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Ugandan Government accuses EU of economic racism

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The Ugandan government has accused the European Union (EU) of attempting to thwart its economic growth.

The disagreement between the EU parliament and the Ugandan government arose from the recent partnership between Uganda and Tanzania on oil excavation.

Uganda and Tanzania are developing a cross-border oil extraction and pipeline project comprising the installation of the East African Crude Oil Pipeline (EACOP), which will transport oil produced from Uganda’s Lake Albert oilfields to the port of Tanga in Tanzania.

This new development spurred a protest from concerned citizens, over the environmental damage that could ensue. Some of the protesters have been arrested and the EU is calling on the Ugandan Government to release those placed in custody.

Deputy Speaker of the Ugandan parliament, Thomas Tayebwa, elaborated that the EU’s decision is a deterrent to Uganda’s oil and gas developments and by extension, the country’s socio-economic growth and development.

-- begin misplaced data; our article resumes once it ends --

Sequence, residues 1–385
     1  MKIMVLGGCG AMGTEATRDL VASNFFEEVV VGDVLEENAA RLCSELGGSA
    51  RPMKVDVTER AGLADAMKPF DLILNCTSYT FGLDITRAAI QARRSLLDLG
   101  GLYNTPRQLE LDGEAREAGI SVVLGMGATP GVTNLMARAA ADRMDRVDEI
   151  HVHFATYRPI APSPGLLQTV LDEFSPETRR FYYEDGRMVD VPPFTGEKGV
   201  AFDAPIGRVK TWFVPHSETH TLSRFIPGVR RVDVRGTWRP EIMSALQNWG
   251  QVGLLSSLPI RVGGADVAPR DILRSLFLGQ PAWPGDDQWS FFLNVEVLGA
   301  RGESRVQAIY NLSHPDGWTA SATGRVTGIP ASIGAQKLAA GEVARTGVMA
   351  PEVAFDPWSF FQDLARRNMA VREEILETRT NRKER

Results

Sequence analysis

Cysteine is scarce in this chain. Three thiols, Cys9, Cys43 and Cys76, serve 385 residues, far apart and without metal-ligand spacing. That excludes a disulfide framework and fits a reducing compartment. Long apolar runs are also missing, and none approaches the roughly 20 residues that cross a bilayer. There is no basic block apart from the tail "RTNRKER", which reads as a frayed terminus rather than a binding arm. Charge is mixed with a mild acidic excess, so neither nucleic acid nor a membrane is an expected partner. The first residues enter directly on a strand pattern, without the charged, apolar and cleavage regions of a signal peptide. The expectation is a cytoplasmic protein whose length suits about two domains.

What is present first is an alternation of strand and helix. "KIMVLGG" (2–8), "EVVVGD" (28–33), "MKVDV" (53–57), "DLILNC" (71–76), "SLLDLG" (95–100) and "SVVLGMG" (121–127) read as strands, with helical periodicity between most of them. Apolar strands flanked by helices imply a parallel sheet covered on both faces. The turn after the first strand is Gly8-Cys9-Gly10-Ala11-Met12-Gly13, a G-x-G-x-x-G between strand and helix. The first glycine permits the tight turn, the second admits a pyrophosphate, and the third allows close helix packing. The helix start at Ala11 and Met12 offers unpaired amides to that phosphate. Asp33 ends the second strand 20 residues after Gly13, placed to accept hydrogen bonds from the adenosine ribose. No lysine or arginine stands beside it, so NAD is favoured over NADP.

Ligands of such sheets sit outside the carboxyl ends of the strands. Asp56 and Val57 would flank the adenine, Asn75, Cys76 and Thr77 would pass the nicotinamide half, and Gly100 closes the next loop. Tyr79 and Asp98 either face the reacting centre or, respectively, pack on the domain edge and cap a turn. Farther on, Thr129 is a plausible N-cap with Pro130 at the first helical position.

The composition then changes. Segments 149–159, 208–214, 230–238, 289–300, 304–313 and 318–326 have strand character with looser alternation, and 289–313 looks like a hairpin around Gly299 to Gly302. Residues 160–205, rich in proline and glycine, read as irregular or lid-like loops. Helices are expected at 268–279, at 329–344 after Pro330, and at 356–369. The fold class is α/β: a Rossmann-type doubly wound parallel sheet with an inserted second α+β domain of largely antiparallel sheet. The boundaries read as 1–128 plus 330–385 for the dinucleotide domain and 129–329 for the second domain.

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He stated: “It also seeks to deny Ugandans and East Africans the benefits and opportunities from the oil and gas sector. This represents the highest form of economic racism against developing countries,”

EU’s parliament at Strasbourg, France, advised its members, the international community, and project promoters and stakeholders to “put an end to the extractive activities in protected and sensitive ecosystems, including the shores of Lake Albert.”

The pipeline will run from Kabaale, Hoima district in Uganda to the Chongoleani Peninsula near Tanga Port.

The EU has also revealed that its delegates were barred from entering the oil zone late last year. They have advised the stakeholders in the pipeline project to find alternative routes for its pipelines, as pollution from the drilling could affect the water source in the vicinity.

Environmentalists have noted that about a third of the pipeline will run through the basin of Africa’s largest lake, Lake Victoria. Over 40 million people depend on this lake for water and food production.

They argue that this could have very devastating effects on crop production in the area, noting that the pipeline runs under 200 rivers and thousands of farms.

Concerns about the devastation the project could have on the wildlife reserves in the area have also been tabled.

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